Quiksilver reports wider Q2 loss
Quiksilver (NYSE:ZQK) reported a wider loss in its second quarter due to a higher shortfall from discontinued operations.
For the quarter ended April 30, the company recorded a loss of $206.2 million, or $1.59 per share, compared with a loss of $4.8 million, or $0.04 per share in the prior-year quarter.
The latest quarter's results included a loss of $1.88 per share from discontinued operations stemming from an impairment charge. The Rossignol winter sports equipment and apparel business and the golf equipment business were both reported as discontinued operations. Quiksilver sold its golf equipment business in December and has begun the process to sell the Rossignol unit.
The company said it earned $0.30 per share from continuing operations.
Revenue rose 15 percent to $596.3 million from $520.4 million. Revenue grew in every geographic region, rising 5 percent in the Americas and 23 percent in Europe, the company said.
Quiksilver said its expects profit from continuing operations to fall slightly in fiscal 2008.
The company reported profit of $0.90 per share in its fiscal year ended in October 2007.
It added its revenue from continuing operations would likely grow about 10 percent, implying fiscal 2008 revenue of about $2.67 billion. In 2007, the company reported revenue of $2.43 billion.
After the news, Quiksilver shares declined $0.26, or 2.8 percent, to close $9.10 on June 6.
Garmin board OKs new buyback, dividend
Garmin (Nasdaq: GRMN) said that its board approved a buyback of up to 10 million of the company's common shares.
It said the purchases may be made from time to time on the open market or in negotiated transactions. The program expires on Dec. 31, 2009.
The company said it recently completed a repurchase program approved in February for 5 million shares.
Its board also approved an annual dividend of $0.75. The dividend will be paid Dec. 15 to shareholders of record as of Dec. 1.
Johnson Outdoors lays off 50, citing slow sales
Due to a drop in military sales, Johnson Outdoors (Nasdaq: JOUT) said it would cut its work force by 50 positions in Binghamton, N.Y.
The company said it has notified affected employees and will offer severance packages, outplacement assistance and other services.
Johnson Outdoors, which also sells military tents, said it expected military sales to return to historical levels, which peaked in 2004 at $64 million. Previously, the company said, military sales were between $20 million and $25 million.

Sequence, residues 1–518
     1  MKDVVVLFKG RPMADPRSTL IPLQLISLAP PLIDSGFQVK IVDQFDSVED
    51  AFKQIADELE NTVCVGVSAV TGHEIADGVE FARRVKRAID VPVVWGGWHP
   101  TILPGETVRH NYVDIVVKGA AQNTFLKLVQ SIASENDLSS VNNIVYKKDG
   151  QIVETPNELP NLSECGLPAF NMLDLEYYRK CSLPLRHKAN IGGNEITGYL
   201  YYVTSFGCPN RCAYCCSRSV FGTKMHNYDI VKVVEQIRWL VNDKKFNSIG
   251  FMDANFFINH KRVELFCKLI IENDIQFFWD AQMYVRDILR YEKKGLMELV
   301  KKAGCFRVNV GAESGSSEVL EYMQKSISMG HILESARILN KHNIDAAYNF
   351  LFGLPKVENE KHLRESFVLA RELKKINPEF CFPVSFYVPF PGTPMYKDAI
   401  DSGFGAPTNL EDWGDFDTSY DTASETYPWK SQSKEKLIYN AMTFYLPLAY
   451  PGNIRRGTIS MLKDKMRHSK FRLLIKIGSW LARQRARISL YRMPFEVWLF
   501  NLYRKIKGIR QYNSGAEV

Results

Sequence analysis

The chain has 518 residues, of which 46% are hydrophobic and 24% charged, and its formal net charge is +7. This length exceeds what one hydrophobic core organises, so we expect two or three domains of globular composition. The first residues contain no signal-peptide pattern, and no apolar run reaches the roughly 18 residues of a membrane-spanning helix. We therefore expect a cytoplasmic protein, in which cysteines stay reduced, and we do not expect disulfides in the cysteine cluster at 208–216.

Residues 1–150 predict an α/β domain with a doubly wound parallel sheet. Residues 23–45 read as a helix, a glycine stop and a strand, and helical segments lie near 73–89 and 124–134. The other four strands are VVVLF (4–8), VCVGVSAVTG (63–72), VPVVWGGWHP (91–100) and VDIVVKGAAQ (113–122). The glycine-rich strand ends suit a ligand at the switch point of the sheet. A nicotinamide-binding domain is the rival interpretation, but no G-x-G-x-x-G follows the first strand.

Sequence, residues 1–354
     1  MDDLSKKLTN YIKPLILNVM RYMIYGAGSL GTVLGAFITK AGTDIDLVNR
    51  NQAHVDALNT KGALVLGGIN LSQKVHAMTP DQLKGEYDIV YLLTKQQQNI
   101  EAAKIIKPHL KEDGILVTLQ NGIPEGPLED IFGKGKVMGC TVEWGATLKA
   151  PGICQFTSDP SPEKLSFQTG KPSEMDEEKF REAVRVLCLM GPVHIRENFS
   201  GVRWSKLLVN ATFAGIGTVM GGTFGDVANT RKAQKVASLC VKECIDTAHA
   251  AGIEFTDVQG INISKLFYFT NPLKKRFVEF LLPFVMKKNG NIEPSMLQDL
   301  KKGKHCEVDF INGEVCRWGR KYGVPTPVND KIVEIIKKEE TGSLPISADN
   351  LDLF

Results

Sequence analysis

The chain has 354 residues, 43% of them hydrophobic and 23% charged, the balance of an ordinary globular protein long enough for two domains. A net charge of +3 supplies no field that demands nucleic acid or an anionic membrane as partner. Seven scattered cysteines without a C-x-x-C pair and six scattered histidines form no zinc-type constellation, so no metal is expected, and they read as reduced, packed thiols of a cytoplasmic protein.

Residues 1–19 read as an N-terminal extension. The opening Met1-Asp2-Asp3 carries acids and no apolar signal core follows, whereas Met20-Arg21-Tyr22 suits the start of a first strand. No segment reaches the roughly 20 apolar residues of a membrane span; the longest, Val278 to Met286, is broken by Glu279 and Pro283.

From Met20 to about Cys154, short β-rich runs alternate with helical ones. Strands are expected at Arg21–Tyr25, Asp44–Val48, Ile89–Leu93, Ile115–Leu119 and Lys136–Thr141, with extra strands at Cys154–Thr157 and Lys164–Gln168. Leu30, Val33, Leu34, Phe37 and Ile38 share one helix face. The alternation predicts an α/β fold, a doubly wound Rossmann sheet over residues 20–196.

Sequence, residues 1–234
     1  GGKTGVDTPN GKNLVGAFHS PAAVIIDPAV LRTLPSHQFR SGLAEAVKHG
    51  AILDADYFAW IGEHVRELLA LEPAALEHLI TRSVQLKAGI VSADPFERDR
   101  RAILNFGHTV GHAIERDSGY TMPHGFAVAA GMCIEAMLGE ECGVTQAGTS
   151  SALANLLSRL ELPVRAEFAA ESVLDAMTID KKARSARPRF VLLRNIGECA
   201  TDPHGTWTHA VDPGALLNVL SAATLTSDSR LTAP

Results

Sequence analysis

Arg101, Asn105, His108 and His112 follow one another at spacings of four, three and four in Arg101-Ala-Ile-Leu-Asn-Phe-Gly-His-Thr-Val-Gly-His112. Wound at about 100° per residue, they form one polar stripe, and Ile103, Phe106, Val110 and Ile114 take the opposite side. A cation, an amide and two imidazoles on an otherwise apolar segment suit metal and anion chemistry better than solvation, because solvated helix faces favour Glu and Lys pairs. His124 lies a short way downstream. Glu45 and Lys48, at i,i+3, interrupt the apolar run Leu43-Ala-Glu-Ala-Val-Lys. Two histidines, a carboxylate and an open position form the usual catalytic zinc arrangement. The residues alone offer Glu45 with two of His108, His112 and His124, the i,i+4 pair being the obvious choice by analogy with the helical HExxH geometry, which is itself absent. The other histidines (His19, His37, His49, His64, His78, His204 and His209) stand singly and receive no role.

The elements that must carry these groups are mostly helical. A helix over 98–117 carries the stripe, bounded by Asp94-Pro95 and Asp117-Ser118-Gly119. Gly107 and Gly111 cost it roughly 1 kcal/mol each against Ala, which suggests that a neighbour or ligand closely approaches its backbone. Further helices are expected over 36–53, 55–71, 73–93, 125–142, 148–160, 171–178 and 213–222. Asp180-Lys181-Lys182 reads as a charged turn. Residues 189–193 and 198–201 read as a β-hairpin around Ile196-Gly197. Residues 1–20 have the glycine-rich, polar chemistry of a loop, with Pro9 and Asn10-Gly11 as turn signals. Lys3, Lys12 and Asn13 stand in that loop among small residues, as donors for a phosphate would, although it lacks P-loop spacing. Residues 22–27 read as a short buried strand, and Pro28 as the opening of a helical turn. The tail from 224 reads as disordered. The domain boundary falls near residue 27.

But, rather than returning to that level, orders for the tents declined more than expected, it noted. For 2008, Johnson Outdoors said it now expects military sales between $17 million and $20 million.
The company said ordering was affected by lower revenue on the transition to more permanent housing for deployed U.S. troops and an impasse in Congress on this year's supplemental defense spending bill which helps the military determine how much to spend.
The company has about 1,400 employees in total; in Binghamton, there are 163 employees, it said.
Analyst calls VF acquisition of premium sportswear company a good fit
A Robert W. Baird analyst said VF Corp.'s (NYSE: VFC) acquisition of one-third of the capital stock of Mo Industries, which owns the Splendid and Ella Moss women's sportswear lines, is a good fit for the company.
Under the agreement, VF can buy the rest of the capital stock in the early part of 2009. The terms of the deal were not disclosed.
Analyst Mitch Kummetz said in a note to investors that the newly acquired brands "seem to fit well with the company's existing contemporary brands and should afford VF additional growth opportunities within the coalition." He also noted that sales of Splendid and Ella Moss have tripled since 2004.
Collective Brands Q1 profit falls on charge
Collective Brands (NYSE:PSS), parent of Saucony and Hind, posted a lower first-quarter profit because of a large charge tied to a recent court decision.
In the 13 weeks ended May 3, it earned $19.7 million, or $0.31 per share, compared with $38.9 million, or $0.59 per share, during a corresponding period a year earlier.
The most recent figure included a $30 million, or $0.36 per share, pre-tax charge to cover potential losses related to a court decision last month.
Revenue jumped to $932.4 million from $728.6 million.
The charge relates to a $304.6 million verdict against the company on May 5 in a dispute with adidas, which Collective Brands said it believes was "excessive, unjustified and the product of legal error." The company said it is fighting the verdict and that resolving the litigation could lead to additional losses or a reversal of the loss.
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